The Subject Is Seldes, Taylor And Jazz

Whether the mercantile strictures of 21st century television will ever again permit cultural programming of substance on the commercial networks is anybody’s guess. The field has largely been left to public television, which has met the challenge with various degrees of responsibility and effectiveness.

In the medium’s early days, serious music may not have been welcomed with open arms on the major US networks, but it did make it onto the schedules. NBC-TV’s The Subject Is Jazz ran once a week in 1958, during what more than one commentator has referred to as New York’s last golden age of jazz. The program presented prominent representatives of several jazz eras who were at work in the city. Gilbert Seldes was the host, with pianist Billy Taylor (1921-2010) as the viewer’s articulate guide through the mysteries of improvisation, orchestration and swing, among other aspects of the music. Seldes (1893-1970) was a prominent cultural critic whose books, included The 7 Lively Arts and The Public Arts. He had considerable influence on Americans’ understanding of cultural matters.

Seldes may have been a bit stiff on television, but he prepared his questions and comments with care. Taylor exhibited the same relaxation and expertise that later made him an attraction on CBS-TV’s Sunday Morning. Here they are discussing rhythm and leading into a segment that features guitarist Mundell Lowe, bassist Eddie Safranski, drummer Osie Johnson and Taylor in the rhythm section. We hear solos by trombonist Jimmy Cleveland, baritone saxophonist Tony Scott and—in a brilliant bebop chorus from his pre-Tonight Show days—trumpeter Doc Severinsen.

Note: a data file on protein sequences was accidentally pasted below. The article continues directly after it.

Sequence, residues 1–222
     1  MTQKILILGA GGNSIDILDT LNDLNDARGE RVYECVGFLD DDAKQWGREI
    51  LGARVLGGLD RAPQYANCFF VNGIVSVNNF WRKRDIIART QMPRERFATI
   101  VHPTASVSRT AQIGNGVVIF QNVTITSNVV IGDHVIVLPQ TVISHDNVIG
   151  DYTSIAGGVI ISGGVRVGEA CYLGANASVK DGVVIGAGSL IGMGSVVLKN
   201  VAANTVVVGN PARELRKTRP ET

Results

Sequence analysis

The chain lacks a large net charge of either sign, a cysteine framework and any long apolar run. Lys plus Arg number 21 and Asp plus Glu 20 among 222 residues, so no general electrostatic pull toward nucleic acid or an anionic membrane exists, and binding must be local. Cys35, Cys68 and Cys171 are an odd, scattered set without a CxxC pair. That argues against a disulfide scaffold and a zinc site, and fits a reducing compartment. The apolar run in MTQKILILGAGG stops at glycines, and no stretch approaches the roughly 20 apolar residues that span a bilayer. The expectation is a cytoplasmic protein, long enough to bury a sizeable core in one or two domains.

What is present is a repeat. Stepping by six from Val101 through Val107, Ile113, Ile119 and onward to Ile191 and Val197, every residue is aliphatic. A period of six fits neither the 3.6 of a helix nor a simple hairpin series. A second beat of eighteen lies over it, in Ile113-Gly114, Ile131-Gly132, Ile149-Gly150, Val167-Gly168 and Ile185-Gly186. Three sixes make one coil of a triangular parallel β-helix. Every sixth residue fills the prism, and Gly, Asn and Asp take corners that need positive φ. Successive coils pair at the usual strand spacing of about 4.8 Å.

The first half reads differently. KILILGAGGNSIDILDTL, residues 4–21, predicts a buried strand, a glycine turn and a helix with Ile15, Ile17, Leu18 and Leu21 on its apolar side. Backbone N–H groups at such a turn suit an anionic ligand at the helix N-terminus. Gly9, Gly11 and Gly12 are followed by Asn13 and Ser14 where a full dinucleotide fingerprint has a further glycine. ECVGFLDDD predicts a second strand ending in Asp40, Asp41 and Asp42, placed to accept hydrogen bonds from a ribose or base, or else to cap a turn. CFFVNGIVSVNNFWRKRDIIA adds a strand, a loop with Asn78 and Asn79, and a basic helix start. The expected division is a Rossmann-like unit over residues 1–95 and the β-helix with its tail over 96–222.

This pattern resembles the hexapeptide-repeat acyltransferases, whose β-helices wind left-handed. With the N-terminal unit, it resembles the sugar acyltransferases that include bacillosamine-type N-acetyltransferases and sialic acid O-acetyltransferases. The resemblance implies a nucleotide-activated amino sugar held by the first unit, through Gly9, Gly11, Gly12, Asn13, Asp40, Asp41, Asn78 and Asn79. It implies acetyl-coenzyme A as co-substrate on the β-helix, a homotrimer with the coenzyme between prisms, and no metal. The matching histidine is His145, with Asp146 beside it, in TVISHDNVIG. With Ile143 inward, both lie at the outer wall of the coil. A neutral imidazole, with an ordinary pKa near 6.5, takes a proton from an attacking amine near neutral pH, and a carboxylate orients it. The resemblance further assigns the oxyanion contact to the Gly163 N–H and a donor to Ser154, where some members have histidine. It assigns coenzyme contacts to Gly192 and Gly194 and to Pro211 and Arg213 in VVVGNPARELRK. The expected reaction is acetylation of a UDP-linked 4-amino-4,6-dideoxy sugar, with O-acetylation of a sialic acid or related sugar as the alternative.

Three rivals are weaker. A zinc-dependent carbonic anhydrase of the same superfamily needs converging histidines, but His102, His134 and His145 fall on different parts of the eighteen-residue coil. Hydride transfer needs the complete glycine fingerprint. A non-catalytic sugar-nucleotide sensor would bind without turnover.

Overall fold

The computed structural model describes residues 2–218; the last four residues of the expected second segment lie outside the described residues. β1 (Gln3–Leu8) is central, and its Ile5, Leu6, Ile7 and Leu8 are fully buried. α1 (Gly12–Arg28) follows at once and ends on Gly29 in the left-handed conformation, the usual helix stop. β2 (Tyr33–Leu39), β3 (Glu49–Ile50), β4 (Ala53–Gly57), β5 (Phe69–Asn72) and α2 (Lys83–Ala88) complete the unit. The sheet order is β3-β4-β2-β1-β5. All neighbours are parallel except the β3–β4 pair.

YouTube has several segments from The Subject Is Jazz. To view them and see Ben Webster, Lee Konitz, Bill Evans go here to make your selections.

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  1. Jon Foley says

    I’m giving away my age, but I remember watching every episode of this series live, back in that other century. Wouldn’t dare miss a week. I haven’t seen all of these shows on YouTube yet, but I remember one in which a panel, led by Tony Scott, took apart and analyzed Charlie Parker’s famous stop-time alto break on the first take of the Dial 1946 “Night In Tunisia” (the one he said he could never do again), complete with musical excerpts, the entire thing plotted out on a blackboard, and lots of discussion.

    Imagine finding anything like that on TV today, even on PBS, never mind commercial TV, which carried the original series? As the Brits would say, not bloody likely!